REASONS TO GO: Visually impressive. Quinto is fun to watch.
REASONS TO STAY: Inane plot. Wasted potential.
FAMILY VALUES: Plenty of violence and a smattering of foul language.
TRIVIAL PURSUIT: Paul Walker was set to play the title role until his untimely death.
CRITICAL MASS: As of 9/9/15: Rotten Tomatoes: 7% positive reviews. Metacritic: 28/100.
COMPARISON SHOPPING: :Kingsman: The Secret Service
FINAL RATING: 5/10
NEXT: Meru

New Releases for the Week of August 21, 2015


Sinister 2SINISTER 2

(Gramercy) James Ransone, Shannyn Sossamon, Robert Daniel Sloan, Dartanian Sloan, Lea Coco, Tate Ellington, John Beasley. Directed by Ciaran Foy

A single mom and her nine-year-old twins move into a house trying to pick up the pieces and start a new life. What they don’t realize is that they’ve moved into a house that has been marked for death by the demon Bughuul and his pint-sized minions of mayhem. It will be a race against the clock for the courageous mom to avoid the fate that befell the families that Bughuul has previously turned his infernal attentions to. The sequel to the surprise 2012 hit.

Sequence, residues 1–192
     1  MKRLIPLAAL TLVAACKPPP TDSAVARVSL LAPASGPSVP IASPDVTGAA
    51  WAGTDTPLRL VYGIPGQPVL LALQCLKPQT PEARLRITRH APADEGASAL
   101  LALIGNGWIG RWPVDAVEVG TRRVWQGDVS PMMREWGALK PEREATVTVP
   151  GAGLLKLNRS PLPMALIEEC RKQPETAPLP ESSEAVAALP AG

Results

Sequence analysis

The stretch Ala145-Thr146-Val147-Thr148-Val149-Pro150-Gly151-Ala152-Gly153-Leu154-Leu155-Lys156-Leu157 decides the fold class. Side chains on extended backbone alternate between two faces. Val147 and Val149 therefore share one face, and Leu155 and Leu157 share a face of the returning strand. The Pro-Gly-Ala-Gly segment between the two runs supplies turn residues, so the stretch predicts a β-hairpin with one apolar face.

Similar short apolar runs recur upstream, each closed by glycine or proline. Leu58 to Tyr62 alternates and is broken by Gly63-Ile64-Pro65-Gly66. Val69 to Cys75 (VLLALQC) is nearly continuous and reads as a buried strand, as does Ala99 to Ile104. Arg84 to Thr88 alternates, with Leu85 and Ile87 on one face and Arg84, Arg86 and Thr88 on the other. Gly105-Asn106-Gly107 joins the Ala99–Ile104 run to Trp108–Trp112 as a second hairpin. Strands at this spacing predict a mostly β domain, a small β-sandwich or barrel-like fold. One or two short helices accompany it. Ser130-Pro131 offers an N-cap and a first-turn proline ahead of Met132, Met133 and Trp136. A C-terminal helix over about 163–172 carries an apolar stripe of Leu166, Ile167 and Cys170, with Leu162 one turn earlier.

See the trailer, clips, a promo and a featurette here.
For more on the movie this is the website.
Release Formats: Standard (opens Thursday)
Genre: Horror
Now Playing: Wide Release
Rating: R (for strong violence, bloody and disturbing images, and language)

American Ultra

(Lionsgate) Jesse Eisenberg, Kristen Stewart, Topher Grace, Connie Britton. Mike is an unmotivated and ambition-free convenience store clerk who wants nothing more out of life than to get high and to hang out with his girlfriend. Life rarely gives us what we want however, particularly when you are in reality a highly-trained super-skilled sleeper agent whose memories of his past life has been erased, awaiting activation. Well, he’s been activated and finds himself embroiled in the middle of a deadly government operation and all that forgotten training is going to come in real handy if he is to survive the crossfire.